Skip to Content

Can Resin Printers Print Moving Parts?

A 3D printer’s ability to create objects with many interconnected parts in just one print job makes it a true revolution in the world of manufacturing and fabrication. 

Written by:
Last updated:

3D printing lets you make custom parts that will fit perfectly wherever you want them to go, whether you need a joint, gear, socket, or static figure. A 3D printer’s ability to create objects with many interconnected parts in just one print job makes it a true revolution in the world of manufacturing and fabrication. 

Resin printers can print moving parts as long as you carefully plan your design and execute the print correctly. The key is to be careful with spacing so that the individual moving parts don’t merge during the printing or curing processes. 

Let’s talk more about 3D printing with moving parts and how you can ensure you’ll get the best possible print. I’ll tell you how to create moving parts with 3D printed resin and compare this method with filament extrusion. Then, I’ll tell you a bit about how you can process your object to make your 3D printed moving parts work seamlessly. 

How Do You Print Moving Parts on a Resin Printer?

You can print moving parts on a resin printer by ensuring that your air gaps are large enough to stand on their own without curing together. You should double the layer thickness to set the gaps correctly.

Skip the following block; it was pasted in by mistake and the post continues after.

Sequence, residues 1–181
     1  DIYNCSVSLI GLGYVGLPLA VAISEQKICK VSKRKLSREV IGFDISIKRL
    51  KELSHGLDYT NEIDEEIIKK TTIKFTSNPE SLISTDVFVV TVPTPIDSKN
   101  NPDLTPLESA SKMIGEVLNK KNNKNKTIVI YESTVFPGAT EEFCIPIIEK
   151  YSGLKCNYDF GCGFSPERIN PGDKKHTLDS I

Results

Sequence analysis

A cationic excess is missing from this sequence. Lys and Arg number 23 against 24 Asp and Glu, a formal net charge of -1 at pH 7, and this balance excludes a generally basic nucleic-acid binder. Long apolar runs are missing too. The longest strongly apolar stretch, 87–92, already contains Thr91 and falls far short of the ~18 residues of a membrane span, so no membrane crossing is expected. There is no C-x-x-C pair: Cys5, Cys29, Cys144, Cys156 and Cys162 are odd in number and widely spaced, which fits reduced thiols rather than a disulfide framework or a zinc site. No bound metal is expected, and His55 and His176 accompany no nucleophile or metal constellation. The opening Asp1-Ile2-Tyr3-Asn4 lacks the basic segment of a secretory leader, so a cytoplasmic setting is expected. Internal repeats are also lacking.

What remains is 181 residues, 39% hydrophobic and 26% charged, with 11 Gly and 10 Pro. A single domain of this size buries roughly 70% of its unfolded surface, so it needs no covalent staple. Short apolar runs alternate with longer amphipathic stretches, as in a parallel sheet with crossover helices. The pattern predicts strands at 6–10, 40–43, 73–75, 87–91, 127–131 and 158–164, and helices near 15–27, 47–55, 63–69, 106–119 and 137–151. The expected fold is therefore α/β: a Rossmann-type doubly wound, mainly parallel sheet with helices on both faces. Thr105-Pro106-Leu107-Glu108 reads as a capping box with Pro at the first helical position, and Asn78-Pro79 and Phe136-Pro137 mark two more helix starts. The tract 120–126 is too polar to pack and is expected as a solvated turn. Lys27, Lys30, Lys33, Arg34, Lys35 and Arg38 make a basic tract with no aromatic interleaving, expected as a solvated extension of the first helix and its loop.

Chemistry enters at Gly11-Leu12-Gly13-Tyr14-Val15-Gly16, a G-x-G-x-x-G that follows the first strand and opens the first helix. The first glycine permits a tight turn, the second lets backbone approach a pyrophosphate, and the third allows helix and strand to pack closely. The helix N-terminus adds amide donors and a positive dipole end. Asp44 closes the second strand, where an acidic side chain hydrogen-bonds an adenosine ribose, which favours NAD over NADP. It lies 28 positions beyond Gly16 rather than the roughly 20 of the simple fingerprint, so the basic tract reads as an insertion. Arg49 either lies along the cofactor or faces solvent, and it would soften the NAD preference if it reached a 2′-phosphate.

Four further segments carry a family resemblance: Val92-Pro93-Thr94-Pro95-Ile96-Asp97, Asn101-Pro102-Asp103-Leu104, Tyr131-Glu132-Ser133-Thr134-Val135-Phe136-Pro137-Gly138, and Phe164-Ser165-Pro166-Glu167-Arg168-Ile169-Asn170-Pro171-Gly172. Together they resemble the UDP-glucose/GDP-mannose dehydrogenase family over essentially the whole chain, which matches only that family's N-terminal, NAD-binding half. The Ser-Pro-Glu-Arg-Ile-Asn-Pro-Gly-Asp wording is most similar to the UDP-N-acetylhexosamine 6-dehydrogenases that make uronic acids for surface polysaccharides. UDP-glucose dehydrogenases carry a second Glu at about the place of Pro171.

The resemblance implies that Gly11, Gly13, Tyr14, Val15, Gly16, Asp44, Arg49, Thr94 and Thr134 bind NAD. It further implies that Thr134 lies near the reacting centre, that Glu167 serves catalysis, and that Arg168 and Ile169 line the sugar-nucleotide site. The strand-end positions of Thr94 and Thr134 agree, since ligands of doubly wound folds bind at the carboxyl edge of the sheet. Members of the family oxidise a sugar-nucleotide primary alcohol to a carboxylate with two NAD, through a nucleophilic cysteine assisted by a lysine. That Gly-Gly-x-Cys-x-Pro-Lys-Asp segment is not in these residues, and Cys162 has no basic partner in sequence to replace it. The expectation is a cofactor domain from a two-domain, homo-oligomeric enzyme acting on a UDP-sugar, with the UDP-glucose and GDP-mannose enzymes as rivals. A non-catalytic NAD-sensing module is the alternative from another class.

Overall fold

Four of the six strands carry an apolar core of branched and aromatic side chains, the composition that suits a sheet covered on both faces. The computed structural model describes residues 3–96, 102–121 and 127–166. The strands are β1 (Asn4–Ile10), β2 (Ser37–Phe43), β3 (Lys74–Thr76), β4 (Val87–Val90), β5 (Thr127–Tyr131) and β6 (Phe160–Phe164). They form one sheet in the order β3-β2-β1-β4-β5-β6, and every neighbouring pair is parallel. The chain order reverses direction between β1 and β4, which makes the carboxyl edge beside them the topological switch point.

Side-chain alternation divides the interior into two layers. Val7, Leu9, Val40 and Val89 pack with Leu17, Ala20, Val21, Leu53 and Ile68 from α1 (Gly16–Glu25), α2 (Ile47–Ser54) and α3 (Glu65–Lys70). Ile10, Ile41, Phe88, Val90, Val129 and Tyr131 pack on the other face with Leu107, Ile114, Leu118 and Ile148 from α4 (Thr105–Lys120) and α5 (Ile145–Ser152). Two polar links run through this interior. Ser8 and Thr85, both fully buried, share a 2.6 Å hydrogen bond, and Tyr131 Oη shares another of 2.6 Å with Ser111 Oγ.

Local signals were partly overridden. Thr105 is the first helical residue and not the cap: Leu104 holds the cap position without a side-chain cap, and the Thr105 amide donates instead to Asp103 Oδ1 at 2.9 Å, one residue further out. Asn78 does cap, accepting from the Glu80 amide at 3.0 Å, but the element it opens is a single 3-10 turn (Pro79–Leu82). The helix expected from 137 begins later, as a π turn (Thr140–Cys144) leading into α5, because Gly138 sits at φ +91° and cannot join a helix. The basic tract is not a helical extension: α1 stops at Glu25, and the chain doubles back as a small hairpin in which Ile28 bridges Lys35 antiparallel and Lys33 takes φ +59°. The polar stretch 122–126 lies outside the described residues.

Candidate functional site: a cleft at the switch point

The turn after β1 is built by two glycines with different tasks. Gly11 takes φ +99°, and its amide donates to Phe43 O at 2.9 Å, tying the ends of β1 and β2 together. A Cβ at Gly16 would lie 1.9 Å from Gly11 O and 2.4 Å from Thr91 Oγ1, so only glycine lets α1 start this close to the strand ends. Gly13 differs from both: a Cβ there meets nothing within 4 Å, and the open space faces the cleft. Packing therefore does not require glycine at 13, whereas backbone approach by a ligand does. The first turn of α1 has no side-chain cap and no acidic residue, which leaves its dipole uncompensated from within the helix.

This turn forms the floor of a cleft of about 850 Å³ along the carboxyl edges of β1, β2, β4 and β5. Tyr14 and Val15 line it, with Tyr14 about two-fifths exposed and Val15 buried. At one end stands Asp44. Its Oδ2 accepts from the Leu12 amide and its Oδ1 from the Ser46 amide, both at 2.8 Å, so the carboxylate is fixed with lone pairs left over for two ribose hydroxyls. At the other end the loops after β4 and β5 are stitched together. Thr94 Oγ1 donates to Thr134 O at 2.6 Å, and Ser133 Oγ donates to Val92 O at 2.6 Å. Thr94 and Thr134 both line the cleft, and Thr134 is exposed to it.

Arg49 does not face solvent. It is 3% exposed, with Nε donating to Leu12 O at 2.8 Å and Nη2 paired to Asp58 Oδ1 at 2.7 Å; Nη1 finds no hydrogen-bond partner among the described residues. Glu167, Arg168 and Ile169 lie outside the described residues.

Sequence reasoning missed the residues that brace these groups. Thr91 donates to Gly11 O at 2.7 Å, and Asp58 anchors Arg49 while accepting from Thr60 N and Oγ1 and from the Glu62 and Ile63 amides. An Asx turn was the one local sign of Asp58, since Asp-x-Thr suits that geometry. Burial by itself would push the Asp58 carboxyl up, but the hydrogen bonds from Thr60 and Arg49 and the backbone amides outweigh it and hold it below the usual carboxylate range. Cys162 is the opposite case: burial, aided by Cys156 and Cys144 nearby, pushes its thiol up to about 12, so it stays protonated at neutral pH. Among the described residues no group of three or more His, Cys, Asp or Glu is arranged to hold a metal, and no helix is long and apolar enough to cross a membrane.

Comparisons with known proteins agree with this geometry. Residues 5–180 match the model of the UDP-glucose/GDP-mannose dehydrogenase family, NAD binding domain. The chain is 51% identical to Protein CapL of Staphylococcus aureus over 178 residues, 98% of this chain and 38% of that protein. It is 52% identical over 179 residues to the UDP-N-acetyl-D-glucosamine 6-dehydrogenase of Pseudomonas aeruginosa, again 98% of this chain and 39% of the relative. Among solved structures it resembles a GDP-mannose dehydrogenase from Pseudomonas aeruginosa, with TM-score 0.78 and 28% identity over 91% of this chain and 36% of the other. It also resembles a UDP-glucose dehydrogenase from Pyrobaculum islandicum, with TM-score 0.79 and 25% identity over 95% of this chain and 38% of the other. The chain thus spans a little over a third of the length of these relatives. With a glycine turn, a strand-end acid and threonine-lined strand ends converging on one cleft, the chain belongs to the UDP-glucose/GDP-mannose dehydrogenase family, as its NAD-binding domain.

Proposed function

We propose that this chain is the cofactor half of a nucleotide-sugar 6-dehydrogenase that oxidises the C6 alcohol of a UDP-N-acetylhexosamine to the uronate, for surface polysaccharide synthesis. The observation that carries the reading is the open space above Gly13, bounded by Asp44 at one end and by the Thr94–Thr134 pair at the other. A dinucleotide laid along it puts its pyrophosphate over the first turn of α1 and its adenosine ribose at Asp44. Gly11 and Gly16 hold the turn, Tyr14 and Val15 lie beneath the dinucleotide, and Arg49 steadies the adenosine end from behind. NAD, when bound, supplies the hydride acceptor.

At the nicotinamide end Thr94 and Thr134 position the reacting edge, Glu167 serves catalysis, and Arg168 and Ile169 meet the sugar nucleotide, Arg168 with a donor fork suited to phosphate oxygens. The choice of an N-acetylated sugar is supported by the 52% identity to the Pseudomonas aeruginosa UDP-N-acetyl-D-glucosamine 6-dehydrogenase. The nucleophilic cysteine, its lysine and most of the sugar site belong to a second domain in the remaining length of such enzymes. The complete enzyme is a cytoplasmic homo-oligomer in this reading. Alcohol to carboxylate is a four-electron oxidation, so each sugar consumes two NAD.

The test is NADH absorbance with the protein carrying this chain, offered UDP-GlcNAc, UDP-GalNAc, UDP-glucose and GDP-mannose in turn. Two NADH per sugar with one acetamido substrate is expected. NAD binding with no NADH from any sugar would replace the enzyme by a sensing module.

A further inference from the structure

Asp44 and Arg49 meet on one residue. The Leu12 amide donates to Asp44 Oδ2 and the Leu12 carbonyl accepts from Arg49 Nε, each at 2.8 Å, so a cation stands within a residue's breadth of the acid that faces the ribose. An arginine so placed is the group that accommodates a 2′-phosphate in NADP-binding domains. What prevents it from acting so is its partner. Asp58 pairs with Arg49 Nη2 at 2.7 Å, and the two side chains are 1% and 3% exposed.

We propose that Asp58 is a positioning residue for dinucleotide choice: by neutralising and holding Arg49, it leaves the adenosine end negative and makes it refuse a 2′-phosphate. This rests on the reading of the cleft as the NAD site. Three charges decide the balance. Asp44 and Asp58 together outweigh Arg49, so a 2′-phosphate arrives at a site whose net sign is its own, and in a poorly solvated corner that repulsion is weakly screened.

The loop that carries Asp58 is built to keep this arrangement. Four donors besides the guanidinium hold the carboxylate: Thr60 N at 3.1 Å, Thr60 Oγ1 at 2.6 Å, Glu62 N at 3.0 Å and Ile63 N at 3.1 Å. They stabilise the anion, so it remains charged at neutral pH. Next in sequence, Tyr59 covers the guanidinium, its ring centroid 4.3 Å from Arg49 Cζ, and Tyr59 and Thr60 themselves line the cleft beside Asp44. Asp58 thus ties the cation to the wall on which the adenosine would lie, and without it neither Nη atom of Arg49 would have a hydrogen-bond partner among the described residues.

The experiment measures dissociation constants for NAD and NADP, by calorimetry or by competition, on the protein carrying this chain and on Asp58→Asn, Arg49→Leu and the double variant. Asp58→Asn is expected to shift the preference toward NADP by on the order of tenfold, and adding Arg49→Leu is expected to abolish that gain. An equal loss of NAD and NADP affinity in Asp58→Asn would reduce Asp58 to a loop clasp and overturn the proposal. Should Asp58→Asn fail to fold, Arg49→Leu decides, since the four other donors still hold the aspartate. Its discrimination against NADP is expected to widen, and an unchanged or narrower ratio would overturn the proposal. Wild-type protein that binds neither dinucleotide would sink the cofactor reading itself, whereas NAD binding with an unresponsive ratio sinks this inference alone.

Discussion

3D printing with any material can be tricky, but there are more opportunities for failure with more moving parts. On top of that, the curing process can cause resin parts to stick together if you don’t carefully design your object. 

When you print with resin, your printer will cure the material layer by layer, but if you haven’t designed the object well, some of these layers may fuse, locking your moving parts in place. 

The best way to combat this printing challenge is to make enough space between the moving parts. It’s a good idea to leave double the amount of space needed for intricate, moving figures that require an accurate design to work. 

Adding more space isn’t something you should consider for larger gaps that already have plenty of room to move. A good rule of thumb is to double the area if it is less than an inch (2.54 cm) wide. More than an inch (2.54 cm) of space will be plenty to ensure that the figure doesn’t cure to itself.

In addition, if it is possible, dividing your object into separate components to join together later can ensure that nothing gets stuck. For example, if you want to make a hinged lid box, printing the hinge, lid, and box separately can keep everything unstuck. Later, you can clip or pin everything together to make a functional joint.